Sehun nodded, doing his best to appear gravely serious. “It’s very dirty.”
“Are there other people like you, Mister Sehun? Other people who fall from the dirty sky?”
Sehun paused. He could see them in his mind, all the people like him. Children with brittle stick legs, starving in the streets, people who lived their lives walking between the terrors of life and the fear that death could only be worse.
“Yes,” he answered, “there are more like me. We’re all fallen.”
The days passed, each one longer and more tedious than the next. Sehun had grown up accustomed to having nothing, and to thinking that he deserved what he had. He was a rat, and rats were born with nothing and died with nothing. They stole and hoarded, wallowed in garbage and lived off it, and so had Sehun until Luhan came along. Luhan. The name left a bitter taste in his mouth. Luhan had everything, was surrounded with things, nearly drowning in his own possessions. Spoiled rotten, sickeningly stupid and helpless. The thoughts made Sehun’s hands curl into fists and his nights were filled with flashes of violence. Of course, there was only one solution for this. The inner city still needed to be destroyed, but Sehun was going to need help.
He decided first on the thief. Minseok lived in the heart of the city, roaming the streets and climbing buildings like a spider when he sensed danger. He made money by picking people’s pockets, but the rumors told darker stories of murder and mutilation, and Sehun was rather inclined to believe such things, as they served his purpose nicely. The rumors, it turned out, were true anyway.
The alley was dark and smelled of wet paper and mildew. It was stacked high on each side with cardboard boxes, making it narrower and more shadowy than most alleys, and finding someone in the strange maze of boxes would be difficult, but Sehun strolled down it calmly. Minseok would approach him first. Minseok always approached first.
He felt it before he heard it; a knife pressed into the soft skin of his neck before he had time to move. Fortunately, it progressed no further, and Sehun smiled.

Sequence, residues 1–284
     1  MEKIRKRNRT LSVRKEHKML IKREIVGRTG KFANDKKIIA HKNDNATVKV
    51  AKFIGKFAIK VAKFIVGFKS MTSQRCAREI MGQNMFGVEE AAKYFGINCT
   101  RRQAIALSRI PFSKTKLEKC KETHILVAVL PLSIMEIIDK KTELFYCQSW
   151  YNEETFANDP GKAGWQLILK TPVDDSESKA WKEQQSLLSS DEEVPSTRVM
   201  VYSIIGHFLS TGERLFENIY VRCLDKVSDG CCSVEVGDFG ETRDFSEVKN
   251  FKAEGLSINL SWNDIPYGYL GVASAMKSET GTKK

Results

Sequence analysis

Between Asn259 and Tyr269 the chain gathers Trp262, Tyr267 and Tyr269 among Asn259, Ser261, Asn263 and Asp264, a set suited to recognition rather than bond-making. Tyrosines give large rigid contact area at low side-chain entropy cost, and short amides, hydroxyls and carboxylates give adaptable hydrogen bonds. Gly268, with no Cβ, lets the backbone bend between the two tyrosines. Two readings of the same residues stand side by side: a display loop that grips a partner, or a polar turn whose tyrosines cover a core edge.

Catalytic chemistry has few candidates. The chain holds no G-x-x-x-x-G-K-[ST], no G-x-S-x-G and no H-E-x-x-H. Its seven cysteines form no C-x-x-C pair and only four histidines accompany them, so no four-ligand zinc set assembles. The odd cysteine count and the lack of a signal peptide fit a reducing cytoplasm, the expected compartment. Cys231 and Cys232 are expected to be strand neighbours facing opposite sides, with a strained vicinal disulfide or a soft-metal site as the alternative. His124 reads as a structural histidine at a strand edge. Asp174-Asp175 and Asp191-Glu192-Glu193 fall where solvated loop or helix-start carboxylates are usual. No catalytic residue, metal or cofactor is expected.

“Give me one good reason I shouldn’t kill you.” The voice was raspy, more a hoarse whisper than actual noise. It was a sound that Sehun was familiar with, the sound of a voice so unused it started to forget that it was made for talking to other people.
“I’ll get you to the inner city,” Sehun replied and, perhaps it was due to the brazen lack of fear in his voice, but the knife vanished. A boy stepped out of the shadows, a boy smaller than even Luhan, but a boy who nearly made Sehun’s spine tingle unpleasantly. Lanky muscle clung to his bones, flexing starkly under skin as though his body had never heard of fat (and perhaps it hadn’t; that was the life of the people in the outer city). Thick eyebrows protruded over ghastly cheekbones, and dirt stained blackened fingers gripped a small jagged-looking knife. There was nothing remotely similar to Luhan about this boy. He was a lion, filled with grace and starved for blood. He offered Sehun his hand.
“We’ll slit all their throats,” the boy said. Sehun took his hand. He nodded.
The next recruit on the list was Jongin. If Minseok was a lion, Jongin was a coyote, rabid, skittish and mangy. Sehun found him in an alley, sucking off a man three times his age with his own hand stuffed down his pants. He stood there quietly, waiting for Jongin to finish, or for either of them to notice him, whatever happened first. The man seemed far-gone though, and Sehun had little hope. He settled down behind a dumpster to wait. When the man was finally gone, Sehun stood up, stretching lazily before clearing his throat.
On the list of things that were certainly unexpected, a high-pitched shriek and desperate sprint for escape were probably near the top, but that was what he got. The boy barely made it ten feet before Sehun had hooked an arm around his waist and flung him backwards, and they both heard a painful-sounding thump as Jongin’s limp body was hurled against the stone.
“Please don’t hurt me, oh God, please don’t hurt me. I’ll do anything you like, anything you can think of. Food, money, sex, I’ll do it! Do you want me to suck you off right now because I could—“
“Fucking hell won’t you shut your goddamn mouth long enough to listen,” Sehun hissed, feeling his patience growing thin. The boy seemed useless, cowardly and manipulative, but he had survived on his own to this age, and he was rumored to have the most money out of any of the other wandering outcast boys. Sehun wasn’t sure how he earned said money, but then again he didn’t care. All he needed was resources.
“I’m going to kill everyone in the inner city, and I need some of your weapons. And help on how to operate them.”
Jongin stood there, blinking stupidly for a second, before looking Sehun up and down. He crossed his arms.